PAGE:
Karl and Marge fully committed themselves to missions work while serving as Bethel’s representatives at Urbana, an InterVarsity Christian Fellowship conference. After their Bethel education, where Marge earned an associate of arts degree—she’d complete a bachelor’s at Bethel in 1969—and Karl majored in philosophy, minored in history, and took a few seminary courses, the couple moved to Chicago for Marge to become a registered nurse at Swedish Covenant Hospital. Marge also earned a master’s degree later. Meanwhile, Karl completed seminary and served as a youth minister at Central Avenue Baptist Church. Then they heard a conference leader talked about his experience visiting and surveying Brazil. “I poked Marge and said, ‘This is it,’” Karl remembers. “And she poked me back and said, ‘Yes, this is it!’” They felt the Lord telling them Brazil was their destination for their family, which by now included two children, Susan ’78 and Sandra. “And it was,” Marge says.

The Lachlers served in Brazil from 1955 to 1987. They first worked planting churches in the far interior of Sao Palo state, and one church they helped plant has 1,500 active members today. Then InterVarsity called on them for a new mission: reaching college students. While missionaries weren’t allowed into colleges and “Yankee Go Home” was a common saying in Brazil, InterVarsity found a way to reach students. Karl and Marge became college students, which gave them the right to start Bible studies on campus. “That really worked out well. A lot of lawyers, doctors, and other professionals had vital contact with the Bible while in college,” Marge says. “It was absolutely a fantastic experience.” It also allowed them to study Portuguese and Latin.

As InterVarsity took hold in Brazil, more students took on leadership roles. Karl and Marge shifted roles again. For their remaining time in Brazil, they served as professors at the Baptist Theological College of Sao Palo—a college that prepared about 500 for ministry, meaning Marge and Karl helped train a generation of Brazilians for missions work. In fact, the current head of the school in Sao Palo is one of their former students. After Karl became the college’s chaplain, he met with a steady stream of students for pastoral counseling, pre-marital counseling, and more.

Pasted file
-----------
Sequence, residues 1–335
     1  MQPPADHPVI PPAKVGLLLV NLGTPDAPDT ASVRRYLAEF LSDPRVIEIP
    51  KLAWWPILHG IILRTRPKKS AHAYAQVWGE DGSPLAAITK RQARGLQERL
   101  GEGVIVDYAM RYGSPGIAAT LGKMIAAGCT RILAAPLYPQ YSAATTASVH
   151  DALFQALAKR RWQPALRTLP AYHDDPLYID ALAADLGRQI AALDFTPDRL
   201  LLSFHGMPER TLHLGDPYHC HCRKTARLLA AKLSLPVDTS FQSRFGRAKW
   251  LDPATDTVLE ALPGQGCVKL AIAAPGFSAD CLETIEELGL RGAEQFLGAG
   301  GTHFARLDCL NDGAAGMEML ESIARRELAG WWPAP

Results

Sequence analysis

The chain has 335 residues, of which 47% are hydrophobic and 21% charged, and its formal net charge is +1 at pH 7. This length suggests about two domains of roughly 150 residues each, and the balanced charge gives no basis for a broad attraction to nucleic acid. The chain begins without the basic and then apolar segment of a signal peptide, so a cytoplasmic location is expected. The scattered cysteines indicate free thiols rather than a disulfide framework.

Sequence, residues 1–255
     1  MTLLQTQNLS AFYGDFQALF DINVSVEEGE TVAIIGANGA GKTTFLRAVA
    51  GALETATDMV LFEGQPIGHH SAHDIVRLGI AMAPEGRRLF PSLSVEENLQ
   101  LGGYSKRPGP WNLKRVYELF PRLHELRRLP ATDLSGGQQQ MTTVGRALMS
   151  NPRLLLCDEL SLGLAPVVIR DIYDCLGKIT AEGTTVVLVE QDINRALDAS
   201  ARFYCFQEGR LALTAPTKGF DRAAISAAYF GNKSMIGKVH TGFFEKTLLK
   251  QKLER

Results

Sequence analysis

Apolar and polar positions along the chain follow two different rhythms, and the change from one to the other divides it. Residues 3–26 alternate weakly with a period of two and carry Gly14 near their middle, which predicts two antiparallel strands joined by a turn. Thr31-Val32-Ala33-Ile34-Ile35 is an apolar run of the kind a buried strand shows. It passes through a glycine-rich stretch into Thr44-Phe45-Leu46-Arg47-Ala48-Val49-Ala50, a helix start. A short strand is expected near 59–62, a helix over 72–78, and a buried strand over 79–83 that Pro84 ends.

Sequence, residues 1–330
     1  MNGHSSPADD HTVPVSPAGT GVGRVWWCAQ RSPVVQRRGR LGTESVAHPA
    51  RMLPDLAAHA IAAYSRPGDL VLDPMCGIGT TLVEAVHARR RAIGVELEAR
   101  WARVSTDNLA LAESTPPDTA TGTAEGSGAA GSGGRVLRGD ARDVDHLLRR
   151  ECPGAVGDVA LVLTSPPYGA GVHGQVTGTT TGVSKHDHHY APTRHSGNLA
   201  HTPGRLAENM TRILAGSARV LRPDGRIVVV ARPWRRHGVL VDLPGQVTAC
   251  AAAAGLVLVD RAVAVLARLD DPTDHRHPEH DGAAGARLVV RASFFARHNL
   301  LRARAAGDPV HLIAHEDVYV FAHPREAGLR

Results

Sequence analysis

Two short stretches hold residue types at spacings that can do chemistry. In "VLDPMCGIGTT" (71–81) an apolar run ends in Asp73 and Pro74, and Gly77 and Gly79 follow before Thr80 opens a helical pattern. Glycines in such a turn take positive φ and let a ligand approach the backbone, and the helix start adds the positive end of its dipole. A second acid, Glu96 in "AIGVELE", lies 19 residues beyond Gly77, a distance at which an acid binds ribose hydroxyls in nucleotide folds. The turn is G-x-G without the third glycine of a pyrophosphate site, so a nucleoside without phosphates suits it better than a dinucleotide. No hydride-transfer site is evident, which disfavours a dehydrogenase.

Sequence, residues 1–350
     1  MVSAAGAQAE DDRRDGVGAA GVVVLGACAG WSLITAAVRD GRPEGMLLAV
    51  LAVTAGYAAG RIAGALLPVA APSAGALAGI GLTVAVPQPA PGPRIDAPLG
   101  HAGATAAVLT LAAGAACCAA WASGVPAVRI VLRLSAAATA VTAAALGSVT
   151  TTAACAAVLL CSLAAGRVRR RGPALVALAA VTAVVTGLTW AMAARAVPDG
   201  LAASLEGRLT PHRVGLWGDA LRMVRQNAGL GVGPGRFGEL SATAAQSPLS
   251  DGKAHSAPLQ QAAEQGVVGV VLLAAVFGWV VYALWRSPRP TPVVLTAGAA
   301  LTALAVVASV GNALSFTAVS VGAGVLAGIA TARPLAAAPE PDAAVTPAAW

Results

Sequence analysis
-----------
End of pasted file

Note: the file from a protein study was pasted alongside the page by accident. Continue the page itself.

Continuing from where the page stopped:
“I taught pastoral counseling, and I encouraged my students not only to get a seminary degree but also to go to the university and, if they were not called to the ministry, they became psychiatrists and psychologists, and we have a batch of young men and women out there in Brazil to this day who are psychologists and psychiatrists with a Christian emphasis."

— Karl Lachler ’50
Meanwhile, Marge’s work emphasized women in ministry. “That was so, so important for Brazil,” she says. “They were just ready to go out, and nobody would let the women be the pastors or the preachers, but that started to change and it’s different now.” Both Karl and Marge each published a theological book in Brazil—and Marge learned seminaries in Africa and Europe are using her book.

By 1987, the Lachlers could see the fruits of their labors. When they started, the college’s teaching staff was predominantly missionaries. Eighteen years later, it was mostly Brazilians. “We felt that the Brazilian seminary had come to the point of maturity and didn’t need the foreigner anymore,” he said. “So we decided to retire and do some other things.”

Karl and Marge retired after 32 years in Brazil, but their mission work continued until recently, when the 95-year-old Karl and 91-year-old Marge moved to Michigan. They served in Portugal before returning to North America, where Karl served a few interim pastor roles in Minnesota and Canada. The work continued even when they lived in a Christian retirement community in Florida, where Karl preached occasionally at a nearby church and Marge taught continuing education classes on literature.

For the Lachlers, it’s truly been a lifetime of service. “Your mission field is all over,” Marge says. “Wherever God puts you, open your eyes.”